BusinessDay
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For Nigeria, the chicken has come home to roost

NNPC, the national oil company, is Nigeria’s cash cow. On Monday, April 26, the NNPC said it will no longer be able to remit even a kobo to the federation account for the period of April to June of 2021.

Its two-page letter addressed to the accountant general of the federation is a grim reminder of the many warning signs that Africa’s most populous nation is in a terrible fiscal strait. How bad is the situation or how worse can it get?

Let’s start by looking at the letter from the national oil company.

“Further to our previous correspondences on the above subject, we wish to advise on the projected remittance to the federation account for the months April (May FAAC) to June (July 2021 FAAC).

“The accountant general of the federation is kindly invited to note that the average landing cost of premium motor spirit (PMS) for the month of March 2021 was N184 per litre as against the subsisting ex-coastal price of N128 per litre, which has remained constant notwithstanding the changes in the macroeconomic variables affecting petroleum products pricing.

“As discussions between government and the labour are yet to be concluded, NNPC recorded a value short fall of N111,966,456,903.74 in February 2021 as a result of the difference highlighted above. Accordingly, a projection of remittance to the federation for the next three months is presented in the attached schedule.

“Accordingly, the AGF is invited to note that the sum of N111,966,456,903.74 will be deducted from the April 2021 oil and gas proceeds due to the federation in May 2021, which will translate to zero remittance to the federation account from NNPC in the month of May 2021. This is to ensure the continuous supply of petroleum products to the nation and guarantee energy security.” The letter was signed by Umar Ajiya Isa, NNPC’s chief financial officer.

The sum total of the meaning of this letter is that the amount of N111.9bn which would have gone into the federation account for sharing by the three tiers of government, has been swallowed by the bogus petrol subsidy regime.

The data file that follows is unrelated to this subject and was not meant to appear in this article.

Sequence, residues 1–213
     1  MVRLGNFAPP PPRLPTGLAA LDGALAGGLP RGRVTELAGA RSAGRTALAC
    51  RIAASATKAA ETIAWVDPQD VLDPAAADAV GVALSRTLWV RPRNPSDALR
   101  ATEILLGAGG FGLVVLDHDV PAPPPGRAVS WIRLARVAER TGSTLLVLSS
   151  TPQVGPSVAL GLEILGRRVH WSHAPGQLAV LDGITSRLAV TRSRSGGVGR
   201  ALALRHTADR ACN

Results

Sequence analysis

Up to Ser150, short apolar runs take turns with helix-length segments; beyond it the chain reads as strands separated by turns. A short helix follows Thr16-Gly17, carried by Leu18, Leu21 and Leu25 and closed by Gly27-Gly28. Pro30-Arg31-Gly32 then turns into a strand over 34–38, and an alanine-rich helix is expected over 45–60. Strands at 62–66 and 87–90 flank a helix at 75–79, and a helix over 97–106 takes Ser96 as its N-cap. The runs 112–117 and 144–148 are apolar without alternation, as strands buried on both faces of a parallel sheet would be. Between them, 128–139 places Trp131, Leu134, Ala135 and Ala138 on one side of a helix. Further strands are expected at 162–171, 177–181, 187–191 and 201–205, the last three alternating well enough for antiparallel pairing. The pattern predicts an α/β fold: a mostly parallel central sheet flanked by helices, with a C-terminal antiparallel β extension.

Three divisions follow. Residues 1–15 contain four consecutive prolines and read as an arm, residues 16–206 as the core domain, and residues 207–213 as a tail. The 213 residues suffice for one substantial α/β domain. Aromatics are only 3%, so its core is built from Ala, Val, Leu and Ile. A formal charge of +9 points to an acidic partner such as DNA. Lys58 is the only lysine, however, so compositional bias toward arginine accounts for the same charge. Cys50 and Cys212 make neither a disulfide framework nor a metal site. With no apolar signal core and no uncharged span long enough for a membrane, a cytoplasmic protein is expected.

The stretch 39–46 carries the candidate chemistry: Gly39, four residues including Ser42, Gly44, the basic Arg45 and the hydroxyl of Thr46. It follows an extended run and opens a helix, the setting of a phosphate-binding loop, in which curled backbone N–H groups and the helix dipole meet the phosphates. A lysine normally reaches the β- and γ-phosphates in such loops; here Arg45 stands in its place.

At a time the federal government’s deficit has risen to over N4.5 trillion for 2021 alone, this letter from NNPC is not only a heavy blow, it is also clear evidence of how the crisis the nation now faces is self- inflicted.

The last time, finance commissioners from the 36 states gathered in Abuja, they along with the federal government took home N600bn. The next time they convene, they could be going back with a whopping 25% less. That will be catastrophic. It is a fiscal tsunami of unprecedented proportions heading the way of the states and local government.

How did Nigeria get here? The path to this crisis was never blurred or shrouded in any darkness. When President Muhammadu Buhari was first elected in 2015, he railed against the opaque petrol subsidy regime of the previous administration and said he needed time to understand the operation of Nigeria’s unique subsidy system. But his government soon fell into the trap of yet another opaque system for managing subsidy payment called “under recovery”.

This meant NNPC could recognise this as part of its cost of doing business in which case there would no longer be need for an appropriation by the National Assembly. Intermittently, he tried to implement a form of deregulation of the downstream petroleum sector by moving prices at the pump closer to market rates but the plan and its implementation have been bedevilled by poorly and lack of will to make painful decisions.

Last week BusinessDay published a groundbreaking report saying the delay by the federal government to end the controversial petrol subsidy regime as well as other long awaited fiscal and monetary reforms were paving the way for a fiscal crisis.

This failure meant that nearly two hundred billion naira is locked out of the FAAC allocations every month, according to investigations by BusinessDay economic analysts.